Particularly useful for this study are the correspondence and financial statements of Frank W. Gilchrist and the early papers of his son, Ralph. The collection includes records of the Huron Sugar Company, the Alpena Portland Cement Company, and the Gilchrist Transportation Company, all of which failed to produce sufficient profit for the Gilchrists. The lumber and land companies were more successful.

The collection also serves to document the manner in which Ralph Gilchrist, Frank's son, carried the family industries into the 1920s and 1930s, managing to survive the effects of the Great Depression. The collection contains year by year, and in some cases month by month, financial statements, showing Gilchrist assets before, during. and after the stock market crash of October, 1929. The records of Gilchrist & Company Limited, the Detroit Trust Company; and Commonwealth Securities Incorporated are especially valuable for this study.

The Gilchrist Papers are not particularly useful for social history or for information on the family's private life. The collection does contain a travel diary of William H. Potter, dated 1883, in which a journey from Alpena to Detroit is described, but the bulk of the material reflects only the Gilchrists' official business functions. Correspondence usually relates information on stock acquisition, land purchases, lumber sales, and estate liquidation. The Potter papers are perhaps more personal in nature, containing some correspondence between the elder Albert Gilchrist and his daughter Ella, but these letters are few.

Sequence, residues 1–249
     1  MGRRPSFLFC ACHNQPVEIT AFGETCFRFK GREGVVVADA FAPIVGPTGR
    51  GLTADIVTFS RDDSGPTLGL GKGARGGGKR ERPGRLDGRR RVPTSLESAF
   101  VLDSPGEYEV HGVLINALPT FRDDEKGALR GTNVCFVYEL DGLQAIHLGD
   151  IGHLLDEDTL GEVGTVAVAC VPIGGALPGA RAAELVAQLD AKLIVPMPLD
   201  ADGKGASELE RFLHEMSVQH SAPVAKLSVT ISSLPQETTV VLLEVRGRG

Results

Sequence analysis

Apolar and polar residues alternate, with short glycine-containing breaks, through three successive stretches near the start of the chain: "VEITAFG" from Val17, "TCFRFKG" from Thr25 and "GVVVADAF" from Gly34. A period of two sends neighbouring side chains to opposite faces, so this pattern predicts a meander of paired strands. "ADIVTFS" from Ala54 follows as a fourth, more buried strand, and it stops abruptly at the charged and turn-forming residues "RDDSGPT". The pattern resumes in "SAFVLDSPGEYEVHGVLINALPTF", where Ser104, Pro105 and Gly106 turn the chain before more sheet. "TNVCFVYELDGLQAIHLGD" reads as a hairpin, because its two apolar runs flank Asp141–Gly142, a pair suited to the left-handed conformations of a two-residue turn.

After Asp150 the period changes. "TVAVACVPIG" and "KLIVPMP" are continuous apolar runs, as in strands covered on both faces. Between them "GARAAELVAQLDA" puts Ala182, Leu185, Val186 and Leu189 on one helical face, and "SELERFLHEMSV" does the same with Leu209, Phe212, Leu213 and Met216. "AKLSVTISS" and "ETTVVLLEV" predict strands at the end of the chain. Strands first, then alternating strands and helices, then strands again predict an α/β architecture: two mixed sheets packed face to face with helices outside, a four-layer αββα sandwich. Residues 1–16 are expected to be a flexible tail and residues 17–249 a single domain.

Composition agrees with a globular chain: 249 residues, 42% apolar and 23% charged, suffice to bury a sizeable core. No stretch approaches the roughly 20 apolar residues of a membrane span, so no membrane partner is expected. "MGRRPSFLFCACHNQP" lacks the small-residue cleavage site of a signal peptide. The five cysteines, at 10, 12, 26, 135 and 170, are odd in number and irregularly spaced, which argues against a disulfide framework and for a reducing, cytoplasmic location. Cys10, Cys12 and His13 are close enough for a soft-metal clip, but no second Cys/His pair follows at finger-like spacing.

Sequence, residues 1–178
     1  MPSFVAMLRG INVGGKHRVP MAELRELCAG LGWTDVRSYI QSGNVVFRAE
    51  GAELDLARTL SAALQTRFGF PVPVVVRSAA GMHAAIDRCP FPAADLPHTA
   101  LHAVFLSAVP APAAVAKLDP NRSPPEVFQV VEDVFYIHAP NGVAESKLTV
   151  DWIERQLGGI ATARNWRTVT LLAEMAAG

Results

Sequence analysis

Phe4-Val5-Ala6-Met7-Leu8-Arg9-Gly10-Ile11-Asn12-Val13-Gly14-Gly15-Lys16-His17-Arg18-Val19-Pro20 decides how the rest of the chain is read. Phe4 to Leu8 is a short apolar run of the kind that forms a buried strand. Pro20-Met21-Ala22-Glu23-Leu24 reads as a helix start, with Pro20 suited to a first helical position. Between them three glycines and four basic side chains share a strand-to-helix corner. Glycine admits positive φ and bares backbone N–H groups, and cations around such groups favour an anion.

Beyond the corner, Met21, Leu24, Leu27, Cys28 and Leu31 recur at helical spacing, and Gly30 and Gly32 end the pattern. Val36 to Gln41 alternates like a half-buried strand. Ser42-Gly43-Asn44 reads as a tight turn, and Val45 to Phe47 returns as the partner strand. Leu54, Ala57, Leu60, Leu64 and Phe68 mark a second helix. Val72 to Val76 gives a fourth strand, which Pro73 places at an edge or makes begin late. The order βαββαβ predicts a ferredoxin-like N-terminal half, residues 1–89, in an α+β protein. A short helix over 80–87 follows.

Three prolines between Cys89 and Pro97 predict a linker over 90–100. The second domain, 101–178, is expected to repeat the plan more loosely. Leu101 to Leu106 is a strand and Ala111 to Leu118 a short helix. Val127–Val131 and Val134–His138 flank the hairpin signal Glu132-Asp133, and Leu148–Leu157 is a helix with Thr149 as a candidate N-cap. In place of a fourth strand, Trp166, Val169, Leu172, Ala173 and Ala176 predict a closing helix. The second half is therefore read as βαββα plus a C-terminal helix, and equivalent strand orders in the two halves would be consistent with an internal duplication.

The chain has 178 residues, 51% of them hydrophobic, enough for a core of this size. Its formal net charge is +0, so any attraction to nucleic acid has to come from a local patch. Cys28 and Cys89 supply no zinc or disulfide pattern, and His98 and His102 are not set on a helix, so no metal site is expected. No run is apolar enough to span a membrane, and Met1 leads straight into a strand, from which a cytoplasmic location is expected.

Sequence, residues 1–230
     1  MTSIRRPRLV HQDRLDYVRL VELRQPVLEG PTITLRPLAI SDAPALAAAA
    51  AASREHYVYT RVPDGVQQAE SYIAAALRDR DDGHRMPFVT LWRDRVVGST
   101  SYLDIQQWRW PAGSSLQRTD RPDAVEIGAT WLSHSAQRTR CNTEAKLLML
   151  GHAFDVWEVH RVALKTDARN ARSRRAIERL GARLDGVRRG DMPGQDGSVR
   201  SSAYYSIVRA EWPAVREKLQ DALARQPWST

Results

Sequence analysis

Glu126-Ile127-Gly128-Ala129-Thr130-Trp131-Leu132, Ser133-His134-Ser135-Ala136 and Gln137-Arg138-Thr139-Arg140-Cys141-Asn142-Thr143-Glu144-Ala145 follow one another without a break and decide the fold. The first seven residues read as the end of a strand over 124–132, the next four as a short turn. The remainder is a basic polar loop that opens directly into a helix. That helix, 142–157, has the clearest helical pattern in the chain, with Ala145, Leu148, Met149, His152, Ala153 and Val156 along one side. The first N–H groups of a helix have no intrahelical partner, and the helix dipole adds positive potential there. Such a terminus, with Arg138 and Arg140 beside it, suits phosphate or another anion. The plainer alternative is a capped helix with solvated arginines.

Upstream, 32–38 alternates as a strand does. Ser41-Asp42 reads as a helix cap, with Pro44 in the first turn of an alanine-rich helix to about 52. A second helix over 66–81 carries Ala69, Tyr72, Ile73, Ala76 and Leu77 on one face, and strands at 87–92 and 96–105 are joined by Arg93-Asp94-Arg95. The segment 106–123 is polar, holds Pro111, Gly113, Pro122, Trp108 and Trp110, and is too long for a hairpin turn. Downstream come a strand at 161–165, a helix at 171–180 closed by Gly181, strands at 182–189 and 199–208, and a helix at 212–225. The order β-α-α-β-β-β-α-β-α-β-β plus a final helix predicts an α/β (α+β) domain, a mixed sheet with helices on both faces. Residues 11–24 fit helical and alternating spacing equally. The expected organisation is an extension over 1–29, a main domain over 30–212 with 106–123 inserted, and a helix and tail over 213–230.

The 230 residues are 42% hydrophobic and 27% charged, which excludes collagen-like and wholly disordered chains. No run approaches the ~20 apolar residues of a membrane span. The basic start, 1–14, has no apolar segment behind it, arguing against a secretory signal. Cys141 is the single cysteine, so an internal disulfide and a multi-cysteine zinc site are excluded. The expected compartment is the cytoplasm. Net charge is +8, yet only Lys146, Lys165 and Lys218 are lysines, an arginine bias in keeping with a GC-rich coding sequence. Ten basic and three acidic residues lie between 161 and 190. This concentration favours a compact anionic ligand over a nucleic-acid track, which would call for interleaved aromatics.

The researcher interested in Michigan business history, however, will find the collection useful for the above-named industries. Moreover, the collection also provides evidence for changes that took place from the 19th to 20th centuries within the office itself and the manner in which business was conducted. To some extent the papers reflect how the family reacted to early forms of office automation, as for example complaints that secretaries make too many typographical errors and that it is often easier to write letters by hand.

The collection remains in excellent condition, for the most part, although the letterpress books from the 19th century are faded and nearly illegible.